Wednesday, April 20, 2011

TFA: Life Ruiner?

It's the eve of my 24th birthday and I'm asking myself this question: did Teach for America grant me opportunities and experiences that I am grateful for, or did the program in some ways ruin my life?

As I'm writing this I am in Boston for my school's spring break. A week in Boston to see friends and family is certainly enough time to make me want to reconsider my TFA commitment. Sure I can sit here and profess my devotion towards the TFA creed of ending the "achievement gap" and wanting to improve America's education for all students, but let's face it: for years now I've been determined to become a teacher and give my best to the students I serve regardless of Teach for America's help. Should I have just gone into teaching the old fashioned way (and better prepared way) and foregone jumping in blind?

My main argument would be that I wholeheartedly believe I should be in Boston. I look around this week and everyone I know, care about, and want to be around is here. Instead of starting over in Philadelphia where I don't know anyone, I could be living here and enjoying all facets of my life, even if my work were trying and difficult. I think that having that support around me would make me a BETTER teacher and would allow me to walk away from the stresses of work much more easily. Instead I am in Philadelphia, a city which to me symbolizes work and a place where I can never escape what brought me there.

Teaching has also brought me a lot of stress and cynicism. This past year has opened my eyes to education in America and the worst methods to solve the inequity among the school systems. Opening my eyes is a great thing, but if anything it's made me begin to decipher where I want to teach, and where I would not want to teach. Sure Philadelphia needs great teachers to help children achieve and move through the public school system, but I'm not nearly close to the potential of being the caliber of teacher that these students should have. And yet, there I am, on the front lines.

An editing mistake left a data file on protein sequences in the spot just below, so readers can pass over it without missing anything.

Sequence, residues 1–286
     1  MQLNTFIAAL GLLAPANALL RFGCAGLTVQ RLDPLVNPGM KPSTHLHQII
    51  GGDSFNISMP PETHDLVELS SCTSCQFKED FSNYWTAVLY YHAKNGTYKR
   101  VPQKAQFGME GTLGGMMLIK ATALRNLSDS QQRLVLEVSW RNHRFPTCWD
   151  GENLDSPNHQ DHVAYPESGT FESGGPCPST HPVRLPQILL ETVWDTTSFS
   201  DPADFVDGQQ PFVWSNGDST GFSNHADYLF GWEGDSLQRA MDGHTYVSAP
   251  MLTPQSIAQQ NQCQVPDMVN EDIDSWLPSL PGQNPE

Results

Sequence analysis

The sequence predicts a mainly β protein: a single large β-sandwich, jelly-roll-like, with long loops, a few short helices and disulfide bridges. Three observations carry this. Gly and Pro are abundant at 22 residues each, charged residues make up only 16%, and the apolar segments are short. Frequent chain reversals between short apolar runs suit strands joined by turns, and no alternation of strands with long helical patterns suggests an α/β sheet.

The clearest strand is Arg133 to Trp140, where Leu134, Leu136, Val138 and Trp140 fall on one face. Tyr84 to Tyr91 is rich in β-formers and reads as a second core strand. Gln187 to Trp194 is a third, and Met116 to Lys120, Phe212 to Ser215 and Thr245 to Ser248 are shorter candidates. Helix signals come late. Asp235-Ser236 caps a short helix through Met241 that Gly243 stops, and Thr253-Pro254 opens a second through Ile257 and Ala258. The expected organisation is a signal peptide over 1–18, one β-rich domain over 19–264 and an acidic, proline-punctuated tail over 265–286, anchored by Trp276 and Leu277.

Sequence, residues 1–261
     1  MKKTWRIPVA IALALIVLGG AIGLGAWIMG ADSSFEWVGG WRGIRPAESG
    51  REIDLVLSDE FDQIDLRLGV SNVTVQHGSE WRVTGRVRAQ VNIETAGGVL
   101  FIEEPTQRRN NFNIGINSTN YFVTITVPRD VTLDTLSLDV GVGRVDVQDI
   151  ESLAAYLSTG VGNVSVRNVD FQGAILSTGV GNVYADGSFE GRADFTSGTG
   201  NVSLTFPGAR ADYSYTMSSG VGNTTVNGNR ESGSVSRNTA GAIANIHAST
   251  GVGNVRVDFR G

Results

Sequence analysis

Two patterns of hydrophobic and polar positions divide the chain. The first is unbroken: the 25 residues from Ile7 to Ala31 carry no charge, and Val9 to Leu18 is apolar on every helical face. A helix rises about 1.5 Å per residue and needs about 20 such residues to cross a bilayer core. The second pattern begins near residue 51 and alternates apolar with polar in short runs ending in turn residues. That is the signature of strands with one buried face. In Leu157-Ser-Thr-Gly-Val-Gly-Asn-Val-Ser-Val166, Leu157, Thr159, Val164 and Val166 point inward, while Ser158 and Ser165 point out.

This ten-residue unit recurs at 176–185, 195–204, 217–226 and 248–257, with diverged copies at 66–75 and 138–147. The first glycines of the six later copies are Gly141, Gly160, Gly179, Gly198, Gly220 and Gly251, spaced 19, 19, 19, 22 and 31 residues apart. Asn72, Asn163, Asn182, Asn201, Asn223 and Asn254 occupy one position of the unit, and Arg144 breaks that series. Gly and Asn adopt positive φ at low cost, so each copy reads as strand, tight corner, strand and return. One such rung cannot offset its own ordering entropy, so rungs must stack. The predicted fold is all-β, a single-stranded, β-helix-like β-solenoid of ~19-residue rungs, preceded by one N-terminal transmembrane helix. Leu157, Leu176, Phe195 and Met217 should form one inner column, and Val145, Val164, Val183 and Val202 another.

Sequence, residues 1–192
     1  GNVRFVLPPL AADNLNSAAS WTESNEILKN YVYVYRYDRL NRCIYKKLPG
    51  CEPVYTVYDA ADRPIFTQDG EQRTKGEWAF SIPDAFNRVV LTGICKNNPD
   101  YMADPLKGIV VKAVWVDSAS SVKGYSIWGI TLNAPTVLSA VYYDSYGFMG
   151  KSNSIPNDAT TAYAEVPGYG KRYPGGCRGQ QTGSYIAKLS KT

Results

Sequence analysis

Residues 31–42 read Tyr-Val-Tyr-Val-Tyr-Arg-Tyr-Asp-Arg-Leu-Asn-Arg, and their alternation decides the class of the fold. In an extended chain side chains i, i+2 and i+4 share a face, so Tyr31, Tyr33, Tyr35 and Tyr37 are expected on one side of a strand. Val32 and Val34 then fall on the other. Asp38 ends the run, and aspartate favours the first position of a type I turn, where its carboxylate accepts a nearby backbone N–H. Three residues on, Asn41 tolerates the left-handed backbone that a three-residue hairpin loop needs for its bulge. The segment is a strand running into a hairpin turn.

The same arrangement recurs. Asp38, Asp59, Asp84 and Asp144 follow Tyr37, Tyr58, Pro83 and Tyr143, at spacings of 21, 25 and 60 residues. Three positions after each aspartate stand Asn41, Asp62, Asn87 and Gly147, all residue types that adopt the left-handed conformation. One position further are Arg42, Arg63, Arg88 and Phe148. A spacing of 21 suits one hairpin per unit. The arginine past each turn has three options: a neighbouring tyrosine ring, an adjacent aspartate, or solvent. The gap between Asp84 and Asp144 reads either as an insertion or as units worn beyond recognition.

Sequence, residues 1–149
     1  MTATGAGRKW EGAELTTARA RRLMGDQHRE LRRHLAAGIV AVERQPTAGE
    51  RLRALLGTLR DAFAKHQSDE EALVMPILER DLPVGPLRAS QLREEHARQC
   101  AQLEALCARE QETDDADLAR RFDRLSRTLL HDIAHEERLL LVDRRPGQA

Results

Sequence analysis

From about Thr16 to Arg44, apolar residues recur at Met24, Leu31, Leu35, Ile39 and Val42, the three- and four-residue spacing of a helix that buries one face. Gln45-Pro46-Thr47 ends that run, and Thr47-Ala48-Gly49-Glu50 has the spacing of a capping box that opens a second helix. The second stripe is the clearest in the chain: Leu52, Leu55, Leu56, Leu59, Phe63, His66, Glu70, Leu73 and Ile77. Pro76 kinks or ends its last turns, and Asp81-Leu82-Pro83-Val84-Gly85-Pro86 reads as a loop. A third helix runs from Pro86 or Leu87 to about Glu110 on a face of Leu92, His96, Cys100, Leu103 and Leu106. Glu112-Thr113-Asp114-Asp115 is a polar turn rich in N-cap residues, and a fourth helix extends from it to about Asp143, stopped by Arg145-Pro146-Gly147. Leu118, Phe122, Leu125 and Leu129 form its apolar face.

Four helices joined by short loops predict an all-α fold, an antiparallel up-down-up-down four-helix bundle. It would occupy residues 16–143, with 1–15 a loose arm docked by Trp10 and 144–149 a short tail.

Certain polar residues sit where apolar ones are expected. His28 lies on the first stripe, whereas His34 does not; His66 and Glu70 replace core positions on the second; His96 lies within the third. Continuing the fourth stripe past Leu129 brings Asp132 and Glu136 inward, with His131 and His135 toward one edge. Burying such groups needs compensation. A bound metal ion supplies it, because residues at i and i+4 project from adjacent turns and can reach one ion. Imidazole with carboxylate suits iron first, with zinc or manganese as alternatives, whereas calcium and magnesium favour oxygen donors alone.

Teach for America has definitely given me a lot of things. Without this program I would not have achieved obtaining a full time job teaching the wonderful students that I have now. I would not have been given the opportunity to witness firsthand the challenges that comes with being a teacher, especially in an urban environment where school resources and organization are lacking. As I said, I support Teach for America and the things I have learned through their program.

But turning 24 and realizing that I am not (geographically) where I want to be in my life, and surrounded by the people that I want to be around (people I've spent years building great relationships with and who I truly care about and want to be around) makes me upset. But I'm not sure where to go from here. Now I'm halfway through an expensive grad program, I've completed the first year so why not finish the second?, and I have no job or apartment opportunities in Boston - so all of these things compel me to at least stick it out in Philly for another year. Another long year.

April is always a thought-provoking month for me...

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